Monday was a tough day at Richfield Springs Central School as students and staff faced the loss of a beloved teacher, the school superintendent said.
Mary E. Weingates, 59, died in a fire at her Richfield Springs home Saturday. She taught science to middle-grade students at the school, where she had worked since 1998.
The fire is considered accidental, an Otsego County fire investigation official said Monday, but the cause and manner of death remain under investigation.
Dan Myers, Richfield Springs Central School superintendent, said talking and remembrances about Mary Weingates will continue in the days ahead as students and staff work through the “horrible event” of her death and the loss to the school and local community.
Several teachers will speak during a gathering to celebrate Weingates’ life to be held in the Richfield Springs High School gymnasium at 1 p.m. Saturday, Myers said.
On Monday, counselors were at the school, along with five or six substitute teachers who relieved staff as needed, Myers said. During the weekend, the school staff met in crisis team sessions and contacted members of the school community personally before any emails about Weingates were sent, he said.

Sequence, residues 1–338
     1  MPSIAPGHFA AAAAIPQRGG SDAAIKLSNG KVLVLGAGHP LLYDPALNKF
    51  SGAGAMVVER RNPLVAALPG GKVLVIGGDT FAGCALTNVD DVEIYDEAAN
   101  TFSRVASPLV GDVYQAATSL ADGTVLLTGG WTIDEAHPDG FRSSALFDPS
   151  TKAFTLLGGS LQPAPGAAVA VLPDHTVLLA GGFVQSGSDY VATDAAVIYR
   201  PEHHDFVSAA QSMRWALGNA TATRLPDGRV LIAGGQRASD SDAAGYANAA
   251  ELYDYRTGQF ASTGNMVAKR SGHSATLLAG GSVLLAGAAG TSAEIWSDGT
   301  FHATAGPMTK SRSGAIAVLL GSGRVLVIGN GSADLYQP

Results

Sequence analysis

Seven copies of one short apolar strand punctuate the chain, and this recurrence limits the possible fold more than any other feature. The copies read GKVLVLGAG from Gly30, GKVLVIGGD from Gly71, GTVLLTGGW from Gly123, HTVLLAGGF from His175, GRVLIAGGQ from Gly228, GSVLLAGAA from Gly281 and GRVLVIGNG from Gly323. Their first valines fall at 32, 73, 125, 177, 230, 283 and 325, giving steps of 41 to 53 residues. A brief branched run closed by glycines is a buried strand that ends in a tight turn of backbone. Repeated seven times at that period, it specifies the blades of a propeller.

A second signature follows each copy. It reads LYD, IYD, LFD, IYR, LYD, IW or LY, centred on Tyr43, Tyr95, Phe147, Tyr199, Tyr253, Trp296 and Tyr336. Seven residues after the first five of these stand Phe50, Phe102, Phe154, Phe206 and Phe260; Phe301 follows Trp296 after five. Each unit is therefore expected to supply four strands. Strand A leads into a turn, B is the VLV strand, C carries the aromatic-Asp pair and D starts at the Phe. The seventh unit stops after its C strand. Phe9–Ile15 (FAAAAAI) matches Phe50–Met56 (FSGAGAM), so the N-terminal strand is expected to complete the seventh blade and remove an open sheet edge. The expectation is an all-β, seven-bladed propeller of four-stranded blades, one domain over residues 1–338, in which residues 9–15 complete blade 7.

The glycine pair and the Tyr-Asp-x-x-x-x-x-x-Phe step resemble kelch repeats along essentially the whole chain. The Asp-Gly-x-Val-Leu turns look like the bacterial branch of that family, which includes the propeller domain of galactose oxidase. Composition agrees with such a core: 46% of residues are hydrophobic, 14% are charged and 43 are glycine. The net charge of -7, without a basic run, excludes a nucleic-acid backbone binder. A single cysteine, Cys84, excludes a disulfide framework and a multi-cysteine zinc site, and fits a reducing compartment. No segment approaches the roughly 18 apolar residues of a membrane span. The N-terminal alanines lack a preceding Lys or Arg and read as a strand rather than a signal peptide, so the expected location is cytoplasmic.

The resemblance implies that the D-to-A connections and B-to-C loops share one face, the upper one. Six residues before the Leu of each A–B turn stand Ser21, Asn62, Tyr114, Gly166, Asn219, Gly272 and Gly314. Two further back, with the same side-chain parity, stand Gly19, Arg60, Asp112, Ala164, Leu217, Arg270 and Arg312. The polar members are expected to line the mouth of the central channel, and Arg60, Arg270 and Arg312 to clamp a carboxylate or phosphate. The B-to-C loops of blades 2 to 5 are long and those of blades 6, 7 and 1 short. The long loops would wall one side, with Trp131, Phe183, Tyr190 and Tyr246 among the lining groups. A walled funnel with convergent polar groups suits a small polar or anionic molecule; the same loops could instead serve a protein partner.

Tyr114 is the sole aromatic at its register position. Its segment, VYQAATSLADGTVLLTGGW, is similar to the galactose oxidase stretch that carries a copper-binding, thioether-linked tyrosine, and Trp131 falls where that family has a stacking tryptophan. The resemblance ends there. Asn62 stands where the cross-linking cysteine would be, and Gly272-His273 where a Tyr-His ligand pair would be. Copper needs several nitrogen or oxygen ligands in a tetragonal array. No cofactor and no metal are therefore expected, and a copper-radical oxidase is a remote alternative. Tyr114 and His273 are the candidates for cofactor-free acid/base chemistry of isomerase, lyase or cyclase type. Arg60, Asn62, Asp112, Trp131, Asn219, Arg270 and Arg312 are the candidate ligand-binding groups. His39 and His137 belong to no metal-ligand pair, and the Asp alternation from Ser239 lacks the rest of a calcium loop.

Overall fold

Weingates’ house was behind the school, Myers said, and on Saturday, students and staff who were watching crews fight the fire and the cleanup at the scene had to be ushered away so that the body could be removed.
On Monday, shades in school windows facing her charred house were closed, he said.
Weingates had been living alone in the house and was the sole occupant at the time of the fire, state police and fire officials said, and her pets were outside.
State Office of Fire Prevention and Control investigators are looking at a back porch as a possible site of fire origin, Kevin Ritton, coordinator of the Otsego County Office of Emergency Services, said Monday. The porch was used to store some appliances such as a refrigerator, washer and dryer, he said.